Should Muslims be concerned about Haiti?
by Shaykh Jihad Hashim Brown
Shaykh Jihad Hashim Brown is director of research at the Tabah Foundation. He delivers the Friday sermon at the Maryam bint Sultan Mosque in Abu Dhabi
Eleven-year-old Anna St Louis was going to be a lawyer. For three days she lay trapped beneath the rubble of a building in Haiti, her right leg crushed by a steel beam. “Lord God save me. I don’t want to die,” she cried out. Far from the capital Port-au-Prince, far from assistance, neighbours tried desperately to cut the beam with a hacksaw, while others gave her water. Her final rescue was covered by international news agencies, the town celebrated, Anna was grateful. With nothing more than painkillers to give her, the Cuban doctor volunteering in that area advised that she must be taken three hours away where more sufficient medical care could be given. Anna was brave enough to suggest her readiness to have her leg amputated. “I may lose my feet, but I will always have my life,” she has seen saying. But within 24 hours of being rescued, Anna had expired due to severe internal bleeding.
The first statement of the Prophet Mohammed to be taught to every student of Sacred Knowledge is: “Those who show compassion to others, compassion will be shown to them by the All Compassionate; show compassion to those in the Earth and those in the heavens will show compassion to you.”
Some will inevitably say that this does not apply to the non-Muslim. “We should only give our assistance to Muslims,” they will say. But an analysis of the above mentioned narration does not bear this out.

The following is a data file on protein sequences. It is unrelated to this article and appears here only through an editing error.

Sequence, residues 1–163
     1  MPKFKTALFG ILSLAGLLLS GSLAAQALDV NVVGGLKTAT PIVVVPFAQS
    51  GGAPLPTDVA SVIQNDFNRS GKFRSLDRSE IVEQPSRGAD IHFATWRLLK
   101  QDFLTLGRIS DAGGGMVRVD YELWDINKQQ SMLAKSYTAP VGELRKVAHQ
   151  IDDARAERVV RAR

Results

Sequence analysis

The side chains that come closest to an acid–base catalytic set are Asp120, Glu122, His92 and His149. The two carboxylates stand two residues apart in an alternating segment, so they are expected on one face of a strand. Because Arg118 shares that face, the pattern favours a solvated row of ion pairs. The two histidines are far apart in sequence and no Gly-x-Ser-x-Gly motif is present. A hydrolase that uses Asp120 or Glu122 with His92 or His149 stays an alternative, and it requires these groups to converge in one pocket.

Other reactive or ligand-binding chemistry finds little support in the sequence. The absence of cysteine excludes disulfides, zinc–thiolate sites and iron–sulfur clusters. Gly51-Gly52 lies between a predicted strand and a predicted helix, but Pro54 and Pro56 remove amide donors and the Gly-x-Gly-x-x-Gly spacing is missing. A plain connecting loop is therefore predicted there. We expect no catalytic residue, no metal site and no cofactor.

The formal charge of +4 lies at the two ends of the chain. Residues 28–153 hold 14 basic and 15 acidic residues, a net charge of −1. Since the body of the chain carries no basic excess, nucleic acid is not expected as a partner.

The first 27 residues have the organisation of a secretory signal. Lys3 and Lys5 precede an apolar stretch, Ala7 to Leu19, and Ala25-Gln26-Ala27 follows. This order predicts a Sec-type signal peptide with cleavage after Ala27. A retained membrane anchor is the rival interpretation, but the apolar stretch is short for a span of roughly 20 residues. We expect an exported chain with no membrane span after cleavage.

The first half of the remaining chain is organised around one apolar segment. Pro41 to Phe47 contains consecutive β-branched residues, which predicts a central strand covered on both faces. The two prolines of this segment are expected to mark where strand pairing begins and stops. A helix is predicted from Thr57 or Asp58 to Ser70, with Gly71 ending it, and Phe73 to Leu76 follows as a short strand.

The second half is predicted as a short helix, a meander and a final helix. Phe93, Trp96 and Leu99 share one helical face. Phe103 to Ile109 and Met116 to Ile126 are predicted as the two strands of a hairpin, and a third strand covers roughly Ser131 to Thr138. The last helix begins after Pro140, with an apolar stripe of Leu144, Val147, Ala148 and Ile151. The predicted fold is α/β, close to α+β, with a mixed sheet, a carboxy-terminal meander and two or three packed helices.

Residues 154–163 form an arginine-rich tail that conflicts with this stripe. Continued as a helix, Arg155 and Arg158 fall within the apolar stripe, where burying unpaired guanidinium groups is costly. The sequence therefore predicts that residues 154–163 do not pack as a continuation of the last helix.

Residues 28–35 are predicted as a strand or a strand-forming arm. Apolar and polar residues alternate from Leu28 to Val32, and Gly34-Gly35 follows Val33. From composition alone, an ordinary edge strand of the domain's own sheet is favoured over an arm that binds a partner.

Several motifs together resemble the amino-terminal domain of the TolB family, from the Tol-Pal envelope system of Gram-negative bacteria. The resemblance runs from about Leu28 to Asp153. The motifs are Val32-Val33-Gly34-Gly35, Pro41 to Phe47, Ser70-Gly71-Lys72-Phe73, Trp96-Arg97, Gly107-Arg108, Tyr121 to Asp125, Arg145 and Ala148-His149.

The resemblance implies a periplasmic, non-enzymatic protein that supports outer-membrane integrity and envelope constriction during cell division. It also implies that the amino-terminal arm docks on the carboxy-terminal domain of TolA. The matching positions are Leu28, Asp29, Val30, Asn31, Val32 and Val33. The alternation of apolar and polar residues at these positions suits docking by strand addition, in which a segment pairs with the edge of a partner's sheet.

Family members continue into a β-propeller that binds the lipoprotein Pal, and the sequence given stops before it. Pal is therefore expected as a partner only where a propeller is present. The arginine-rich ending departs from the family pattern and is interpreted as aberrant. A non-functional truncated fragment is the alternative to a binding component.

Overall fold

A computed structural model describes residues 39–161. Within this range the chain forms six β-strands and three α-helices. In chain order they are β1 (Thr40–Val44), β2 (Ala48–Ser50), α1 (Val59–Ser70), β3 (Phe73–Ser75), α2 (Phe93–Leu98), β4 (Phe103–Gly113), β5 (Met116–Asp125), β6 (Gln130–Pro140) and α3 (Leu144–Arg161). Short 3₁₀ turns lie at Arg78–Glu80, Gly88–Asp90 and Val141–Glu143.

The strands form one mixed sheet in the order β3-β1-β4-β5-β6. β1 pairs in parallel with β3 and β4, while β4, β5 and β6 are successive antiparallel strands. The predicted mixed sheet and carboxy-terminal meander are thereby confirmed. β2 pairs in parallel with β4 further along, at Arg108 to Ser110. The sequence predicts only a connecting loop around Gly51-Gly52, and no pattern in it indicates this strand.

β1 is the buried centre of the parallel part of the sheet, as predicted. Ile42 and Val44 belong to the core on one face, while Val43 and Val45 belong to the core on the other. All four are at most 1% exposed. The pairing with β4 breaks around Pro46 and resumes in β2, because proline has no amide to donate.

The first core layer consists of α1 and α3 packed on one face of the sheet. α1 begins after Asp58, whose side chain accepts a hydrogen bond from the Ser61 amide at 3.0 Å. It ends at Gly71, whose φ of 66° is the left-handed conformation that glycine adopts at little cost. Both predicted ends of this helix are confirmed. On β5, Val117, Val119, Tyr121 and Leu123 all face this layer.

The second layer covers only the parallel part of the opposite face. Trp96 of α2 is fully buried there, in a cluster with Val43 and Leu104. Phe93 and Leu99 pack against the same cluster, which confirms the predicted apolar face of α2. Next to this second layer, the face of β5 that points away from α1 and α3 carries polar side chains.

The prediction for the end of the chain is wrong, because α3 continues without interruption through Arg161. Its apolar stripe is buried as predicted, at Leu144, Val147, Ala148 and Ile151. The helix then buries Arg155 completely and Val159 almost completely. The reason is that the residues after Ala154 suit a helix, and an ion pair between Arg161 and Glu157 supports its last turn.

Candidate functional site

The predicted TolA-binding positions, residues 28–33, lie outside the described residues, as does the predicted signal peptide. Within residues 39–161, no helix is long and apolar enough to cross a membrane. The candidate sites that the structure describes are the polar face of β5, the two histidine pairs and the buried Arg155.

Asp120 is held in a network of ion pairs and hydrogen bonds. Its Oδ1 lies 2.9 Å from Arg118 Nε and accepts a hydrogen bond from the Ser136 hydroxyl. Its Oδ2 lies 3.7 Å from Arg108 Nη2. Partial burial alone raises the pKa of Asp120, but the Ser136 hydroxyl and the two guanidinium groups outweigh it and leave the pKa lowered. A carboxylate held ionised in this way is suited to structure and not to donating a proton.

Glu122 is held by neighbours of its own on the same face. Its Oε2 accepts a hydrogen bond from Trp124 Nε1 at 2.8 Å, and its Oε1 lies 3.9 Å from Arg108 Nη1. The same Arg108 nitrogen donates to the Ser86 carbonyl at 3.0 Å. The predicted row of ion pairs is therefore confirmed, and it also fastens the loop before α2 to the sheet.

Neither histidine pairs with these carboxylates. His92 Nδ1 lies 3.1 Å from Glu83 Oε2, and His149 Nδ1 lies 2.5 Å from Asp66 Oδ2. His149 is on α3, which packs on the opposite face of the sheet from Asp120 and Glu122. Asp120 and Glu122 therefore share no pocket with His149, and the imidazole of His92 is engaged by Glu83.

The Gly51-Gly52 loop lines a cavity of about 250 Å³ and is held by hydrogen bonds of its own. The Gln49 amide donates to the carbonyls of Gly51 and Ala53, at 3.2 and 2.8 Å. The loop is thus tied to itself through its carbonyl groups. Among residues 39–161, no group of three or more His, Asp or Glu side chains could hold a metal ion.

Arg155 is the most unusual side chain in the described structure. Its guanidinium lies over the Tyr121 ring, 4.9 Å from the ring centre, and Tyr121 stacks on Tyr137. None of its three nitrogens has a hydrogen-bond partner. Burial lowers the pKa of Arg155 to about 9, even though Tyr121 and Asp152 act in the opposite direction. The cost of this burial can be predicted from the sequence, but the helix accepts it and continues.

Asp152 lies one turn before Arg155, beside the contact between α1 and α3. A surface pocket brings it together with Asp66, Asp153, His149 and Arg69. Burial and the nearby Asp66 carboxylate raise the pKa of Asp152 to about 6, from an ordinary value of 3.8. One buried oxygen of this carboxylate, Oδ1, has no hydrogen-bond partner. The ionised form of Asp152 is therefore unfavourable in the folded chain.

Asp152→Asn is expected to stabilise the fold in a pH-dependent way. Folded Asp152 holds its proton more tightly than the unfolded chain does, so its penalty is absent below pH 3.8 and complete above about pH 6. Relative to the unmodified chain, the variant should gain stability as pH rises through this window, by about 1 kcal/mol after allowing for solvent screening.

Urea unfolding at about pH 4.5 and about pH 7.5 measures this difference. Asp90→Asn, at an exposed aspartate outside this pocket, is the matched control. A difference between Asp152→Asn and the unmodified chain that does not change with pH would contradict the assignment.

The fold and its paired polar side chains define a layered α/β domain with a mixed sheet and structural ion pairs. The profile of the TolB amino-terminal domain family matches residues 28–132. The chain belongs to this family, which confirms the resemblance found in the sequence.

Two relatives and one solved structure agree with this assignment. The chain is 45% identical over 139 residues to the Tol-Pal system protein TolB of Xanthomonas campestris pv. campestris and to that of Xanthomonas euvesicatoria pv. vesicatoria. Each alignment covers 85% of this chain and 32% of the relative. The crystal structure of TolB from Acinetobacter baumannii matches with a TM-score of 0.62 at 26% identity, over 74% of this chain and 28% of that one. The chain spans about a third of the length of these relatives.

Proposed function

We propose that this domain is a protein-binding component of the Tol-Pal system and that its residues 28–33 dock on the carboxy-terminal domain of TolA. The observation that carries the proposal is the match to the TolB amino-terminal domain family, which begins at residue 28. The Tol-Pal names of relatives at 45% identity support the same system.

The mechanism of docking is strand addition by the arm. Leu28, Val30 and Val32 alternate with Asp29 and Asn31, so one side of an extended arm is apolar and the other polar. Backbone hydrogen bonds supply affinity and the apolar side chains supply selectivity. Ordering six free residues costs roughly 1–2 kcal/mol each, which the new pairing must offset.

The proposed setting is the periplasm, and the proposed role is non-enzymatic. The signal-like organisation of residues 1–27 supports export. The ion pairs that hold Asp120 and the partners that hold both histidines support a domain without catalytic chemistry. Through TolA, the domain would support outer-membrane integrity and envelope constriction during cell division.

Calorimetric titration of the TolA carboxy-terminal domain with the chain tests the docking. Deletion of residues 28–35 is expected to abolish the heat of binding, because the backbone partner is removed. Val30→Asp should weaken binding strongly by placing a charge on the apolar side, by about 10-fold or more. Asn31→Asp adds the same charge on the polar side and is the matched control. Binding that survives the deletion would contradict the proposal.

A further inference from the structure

Another tradition of the Prophet Mohammed says: “God does not cease to assist his slave, so long as His slave does not cease to assist his brother.”
The premiere jurist of the 1950s Al Azhar, Muhammad Abu Zahra, says this is not limited to one’s brother in Islam alone, but in humanity in general. The Prophet Mohammed warned that whoever stands by and watches while the safety and dignity of another is being violated – while he has the wherewithal to help – God will leave him at the moment when his dignity and safety is threatened and he most wishes for rescue. Man is famously the caliph of God on Earth, and the believer is the caliph of the Prophet. But the “stewardship” through which we understand this caliphate is a concept of wide and expansive meaning. When we think – through history books – of Medieval international relations, we think of black and white stand-offs, of well-defined boundaries of “us-against-thems”.
We forget about how Islam was lived in actual communities – beyond the pages of cut-and-dry jurisprudential theory – where neighbours shared and cared across faith boundaries, and where they still do today, contrary to the pictures painted through grainy web videos, or their counterparts on 24-hour cable news channels. The world is no longer a place of regionally isolated towns and provinces; it is an expansive and vast community where the concept of stewardship and leadership needs to be bigger.
“Fear the prayer of those wrongly treated,” the Prophet said, “because there is no veil between them and Allah.” More often than not we think of this in terms of those who victimise us. Muslims should not forget to fear the prayer of those who suffer while they can alleviate it.
Much praise for the North American Muslim leaders who rallied and joined Shaykh Faraz Rabbani, the crew at Seekers’ Guidance, and Islamic Relief to alleviate the suffering of their beleaguered neighbours in Haiti this week; even more appreciation for all those who gave the US$105,000 (Dh386,000) in the first two hours online. Here is what it means to drink from the teachings of Mohammed.